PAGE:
Rule-based systems and in particular L-systems provide possibilities for modeling plants in extremely compact ways. The fundamental formalism of L-sys – tems is simple and has its aesthetic attraction. using various extensions, such as context-sensitive, parameterized, differential as well as open L-systems, Prusinkiewicz et al. succeeded in adding to formalism a wide range of options that allow for numerous branching patterns to be modeled. In  it was shown that with L-systems principally all 23 tree architectures of Halle, Oldeman and Tomlinson  can be simulated. Together with the additional functions that can be entered by the user, and hence the option of interactive modeling, the modeling process became a much easier task.
Also the visual results converged over the course of the time with the quality of procedural methods. Today models of similar quality can be produced with either approach. It should also be emphasized that the extraordinary spectrum of possible plant models is not restricted to trees. During the development of the discussed methodology, all types of plants were modeled. This differentiates the approach clearly from the procedural methods that were designed especially for particular structures.
However, the modeling aspect is still problematic. As already previously noted in this chapter, the production of a given plant with an L-system is a difficult process. The user must be proficient in order to represent a plant from the very start using an L-system. Many aspects of the plant have to be defined locally, and already small changes sometimes cause a complete modification of the total shape. In addition, the production of plant geometry is a computationally expensive task. After each parameter change, a complete expansion process must be worked through, including the geometry production, which significantly slows down progress. This is especially disturbing when working with huge models such as trees. However, with the improvement of computer efficiency, this becomes a less significant factor.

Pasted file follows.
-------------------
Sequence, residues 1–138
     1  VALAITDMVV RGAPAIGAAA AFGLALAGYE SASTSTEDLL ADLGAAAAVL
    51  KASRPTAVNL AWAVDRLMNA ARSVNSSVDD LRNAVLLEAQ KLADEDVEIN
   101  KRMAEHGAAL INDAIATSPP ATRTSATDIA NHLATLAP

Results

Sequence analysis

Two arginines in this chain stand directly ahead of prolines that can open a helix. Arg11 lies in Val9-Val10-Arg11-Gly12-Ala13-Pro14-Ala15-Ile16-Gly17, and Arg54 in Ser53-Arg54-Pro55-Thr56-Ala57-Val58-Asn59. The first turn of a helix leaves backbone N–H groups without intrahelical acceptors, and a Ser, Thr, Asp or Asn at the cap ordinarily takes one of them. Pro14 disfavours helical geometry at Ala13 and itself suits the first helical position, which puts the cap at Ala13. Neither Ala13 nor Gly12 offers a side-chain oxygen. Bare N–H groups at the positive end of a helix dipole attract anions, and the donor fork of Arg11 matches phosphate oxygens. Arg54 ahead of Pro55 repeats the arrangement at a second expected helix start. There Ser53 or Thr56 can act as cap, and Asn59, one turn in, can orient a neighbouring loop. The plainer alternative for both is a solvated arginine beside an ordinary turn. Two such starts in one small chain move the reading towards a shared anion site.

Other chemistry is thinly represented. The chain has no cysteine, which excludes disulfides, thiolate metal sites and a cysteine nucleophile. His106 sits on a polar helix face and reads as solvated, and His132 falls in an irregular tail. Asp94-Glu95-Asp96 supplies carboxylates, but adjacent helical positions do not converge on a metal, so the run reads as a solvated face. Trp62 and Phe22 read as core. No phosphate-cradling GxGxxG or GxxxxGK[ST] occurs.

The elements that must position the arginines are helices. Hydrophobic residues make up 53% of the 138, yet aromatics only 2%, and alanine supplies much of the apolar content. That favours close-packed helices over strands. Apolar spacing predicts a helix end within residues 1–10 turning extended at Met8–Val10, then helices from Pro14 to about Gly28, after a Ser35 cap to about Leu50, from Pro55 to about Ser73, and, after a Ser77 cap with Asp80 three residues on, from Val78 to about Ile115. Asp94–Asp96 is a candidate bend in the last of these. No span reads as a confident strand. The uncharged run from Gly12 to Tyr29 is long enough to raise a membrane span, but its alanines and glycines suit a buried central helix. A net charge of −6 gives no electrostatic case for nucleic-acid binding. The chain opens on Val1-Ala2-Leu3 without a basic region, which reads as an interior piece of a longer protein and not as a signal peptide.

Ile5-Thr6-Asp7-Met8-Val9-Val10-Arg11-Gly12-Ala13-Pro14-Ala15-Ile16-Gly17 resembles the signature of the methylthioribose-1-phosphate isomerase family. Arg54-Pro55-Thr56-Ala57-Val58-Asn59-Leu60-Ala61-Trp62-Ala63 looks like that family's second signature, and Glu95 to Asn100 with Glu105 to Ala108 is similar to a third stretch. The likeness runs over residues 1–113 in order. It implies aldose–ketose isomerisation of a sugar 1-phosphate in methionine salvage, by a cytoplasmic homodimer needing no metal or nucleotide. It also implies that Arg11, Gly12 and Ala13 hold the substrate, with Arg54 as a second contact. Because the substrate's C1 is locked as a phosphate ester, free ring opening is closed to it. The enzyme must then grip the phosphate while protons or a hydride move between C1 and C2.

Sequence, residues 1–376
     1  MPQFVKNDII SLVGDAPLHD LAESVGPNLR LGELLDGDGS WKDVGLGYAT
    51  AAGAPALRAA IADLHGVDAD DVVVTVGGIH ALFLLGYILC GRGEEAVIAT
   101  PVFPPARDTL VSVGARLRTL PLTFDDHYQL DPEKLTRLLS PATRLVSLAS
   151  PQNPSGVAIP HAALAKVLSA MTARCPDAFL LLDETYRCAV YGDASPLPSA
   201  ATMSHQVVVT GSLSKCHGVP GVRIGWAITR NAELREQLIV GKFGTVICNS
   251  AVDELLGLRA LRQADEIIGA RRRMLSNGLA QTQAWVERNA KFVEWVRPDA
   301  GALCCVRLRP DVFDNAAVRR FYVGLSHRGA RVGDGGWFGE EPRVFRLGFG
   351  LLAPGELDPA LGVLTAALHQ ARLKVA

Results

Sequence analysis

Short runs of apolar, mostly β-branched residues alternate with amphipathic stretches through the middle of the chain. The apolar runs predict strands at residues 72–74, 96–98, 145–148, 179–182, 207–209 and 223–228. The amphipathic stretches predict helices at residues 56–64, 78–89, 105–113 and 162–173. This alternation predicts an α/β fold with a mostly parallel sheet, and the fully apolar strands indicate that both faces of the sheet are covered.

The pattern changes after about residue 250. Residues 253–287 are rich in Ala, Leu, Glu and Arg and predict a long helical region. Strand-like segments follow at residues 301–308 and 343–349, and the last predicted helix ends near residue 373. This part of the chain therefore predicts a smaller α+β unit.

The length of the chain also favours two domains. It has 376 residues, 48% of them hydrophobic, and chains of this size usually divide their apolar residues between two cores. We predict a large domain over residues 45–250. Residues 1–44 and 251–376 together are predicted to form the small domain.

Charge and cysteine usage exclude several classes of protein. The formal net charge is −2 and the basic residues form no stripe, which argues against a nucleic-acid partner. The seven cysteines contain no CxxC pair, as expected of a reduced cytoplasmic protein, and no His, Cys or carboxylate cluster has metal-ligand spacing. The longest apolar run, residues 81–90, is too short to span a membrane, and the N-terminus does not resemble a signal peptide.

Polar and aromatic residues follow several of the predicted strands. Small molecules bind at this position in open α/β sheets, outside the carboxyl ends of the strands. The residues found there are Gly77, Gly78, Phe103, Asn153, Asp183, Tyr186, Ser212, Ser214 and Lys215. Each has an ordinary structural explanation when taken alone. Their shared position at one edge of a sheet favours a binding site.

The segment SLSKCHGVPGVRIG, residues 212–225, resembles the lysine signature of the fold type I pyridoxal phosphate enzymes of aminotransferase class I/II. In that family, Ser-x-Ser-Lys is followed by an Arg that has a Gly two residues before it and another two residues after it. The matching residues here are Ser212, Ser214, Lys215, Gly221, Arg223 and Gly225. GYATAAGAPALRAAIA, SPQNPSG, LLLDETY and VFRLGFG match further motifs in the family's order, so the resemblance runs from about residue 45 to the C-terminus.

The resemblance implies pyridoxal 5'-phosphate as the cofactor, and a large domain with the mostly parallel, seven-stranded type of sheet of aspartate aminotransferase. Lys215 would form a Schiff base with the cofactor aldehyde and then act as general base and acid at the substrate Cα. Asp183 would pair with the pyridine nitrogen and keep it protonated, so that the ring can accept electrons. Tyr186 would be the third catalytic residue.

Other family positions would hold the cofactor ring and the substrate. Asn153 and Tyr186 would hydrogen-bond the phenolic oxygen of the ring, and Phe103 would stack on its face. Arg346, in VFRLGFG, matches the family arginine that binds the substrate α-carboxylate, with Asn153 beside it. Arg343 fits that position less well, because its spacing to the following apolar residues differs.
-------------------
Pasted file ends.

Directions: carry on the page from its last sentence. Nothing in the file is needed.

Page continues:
Likewise, the graph-based procedures discussed above do not contain any improvements with regard to the modeling options of rule-based procedures. With these methods, only part of what is definable with the L-systems is actually converted. The possibility of representing the topology of plants over graph structures is, however, an interesting aspect. The “rules” in this case denote instancing dependencies in the graph: if a node is arrived at, and if appropriate geometry is created, then transformations of the local coordinate system are invoked, and the geometries of all child components connected with the node are produced.
In the next chapter this mechanism is extended in order to store in a graph structure a part of the plant topology. The nodes of the graph are now com-
ponents that contain data and algorithms in order to procedurally create parts of the plants. The combination of a graph-based rule system and procedural methods combines the advantages of both methods.